12 Tips to Cut the Crap from Your Copywriting

If you’re anything like the folks in “The Confident Copywriter” group on LinkedIn, you go through your daily life editing all of the words around you. I asked the group what their biggest copy pet peeves were and these are the results. It turns out that a lot of them are stuff you learned, then subsequently ignored, in English class. Maybe we all should have paid closer attention.

 

1. “Collective nouns and their companion verbs.” Victoria Ipri

Wrong: The firm announced their new digital media program.

Right: The firm announced its new digital media program.

This is something that was drilled into me in college and has stuck with me ever since. The firm is treated as a singular entity, not a group of people. The same goes with teams of people.

 

2. Abbreviations or Initials in headlines/subject lines

Man, this bugs me. When I am reading an email the last thing that I want to see are obscure initials or abbreviations. Maybe it’s just the writer in me, but there is nothing more boring than reading a subject line for an email and having it be loaded down with industry-related abbreviations. Yeah, the recipient likely knows what it means, but that doesn’t mean that it interests them on a human level. And that’s the important thing with headlines and subject lines, in order to get an open or read, the appeal to someone on a human level. Because without the human interest in something, it will never make it to the business interest. It may seem unavoidable to use abbreviations  the subject lines, but it truly isn’t. Write it out or simplify it, that’s the only way.

 

3. “Using apostrophes incorrectly…drives me nuts!” – Victoria Ipri

Right: girls night out (multiple girls)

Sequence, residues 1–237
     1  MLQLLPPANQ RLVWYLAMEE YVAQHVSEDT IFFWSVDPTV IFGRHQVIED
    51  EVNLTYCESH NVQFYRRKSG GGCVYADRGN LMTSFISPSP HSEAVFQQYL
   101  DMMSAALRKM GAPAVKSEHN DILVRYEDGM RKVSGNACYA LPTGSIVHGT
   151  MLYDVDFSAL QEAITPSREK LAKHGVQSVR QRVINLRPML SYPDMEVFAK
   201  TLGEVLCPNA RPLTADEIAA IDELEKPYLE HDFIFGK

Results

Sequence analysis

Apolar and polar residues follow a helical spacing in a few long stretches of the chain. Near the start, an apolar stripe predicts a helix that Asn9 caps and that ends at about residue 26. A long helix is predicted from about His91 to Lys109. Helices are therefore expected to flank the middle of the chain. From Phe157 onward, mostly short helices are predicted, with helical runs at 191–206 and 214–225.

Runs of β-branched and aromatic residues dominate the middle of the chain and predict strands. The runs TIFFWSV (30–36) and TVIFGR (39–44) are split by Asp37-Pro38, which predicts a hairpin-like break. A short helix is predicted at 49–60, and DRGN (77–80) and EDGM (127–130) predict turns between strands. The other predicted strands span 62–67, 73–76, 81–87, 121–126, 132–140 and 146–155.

Wrong: girl’s night out (Only one girl?)

It’s interesting that Victoria brings this up and I think that a lot of common errors may come from falling back on spellcheck. It brings up Victoria’s correct example as wrong and corrects it to the wrong. Just another example of spellcheck not being perfect. Human eyes should issue the last corrections. Always.

 

4.Random Capitalization

Don’t even get me started on this. There are very limited instances that the body text of copy needs capitalization. Repeat after me: Proper nouns and the beginnings of sentences. Even if a word seems important to you, it’s not that important. Don’t use capitalization for emphasis, it just looks weird. Use bolds or italics and be done with it.

 

5. I vs. Me

“Using ‘I’ and ‘me’ incorrectly…and interchangeably. Always say the sentence to yourself without referencing the other person and you’ll discover the correct use.” – Victoria Ipri

Right: Jill and I are going to the store.

Wrong: Jill and me are going to the store.

 

6. Overuse of adverbs

Okay, I’ll admit that I took this one out of Stephen King’s book, On Writing. But I have no shame in using it here because it is by far the most useful piece of advice I have ever gotten about writing. Hands down. There is nothing that compels you to be a better writer than eliminating adverbs. Adverbs are the words that modify verbs. “She ran across the street quickly,” for example. Quickly modifies ran.

But what makes adverbs so bad? Remember when you first started writing and your pinched up English teacher told you to show not tell? Adverbs tell every time. I could say, “Her sneakered feet pounded on the pavement as she dashed across the road.” This sentence tells you more about the girl running across the road than the one with adverbs.

 

7. Same sentence starters too near to one another

This is the phenomena when the first word of a sentence is repeated at least a couple times in a row. Unless you are using it to make a point, there is no reason to let this happen. After you write the first draft of something, you should then go through your sentences and make sure that you are changing up the way you start them. Not only does it sound less repetitive, but it also compels you to be more creative while you write.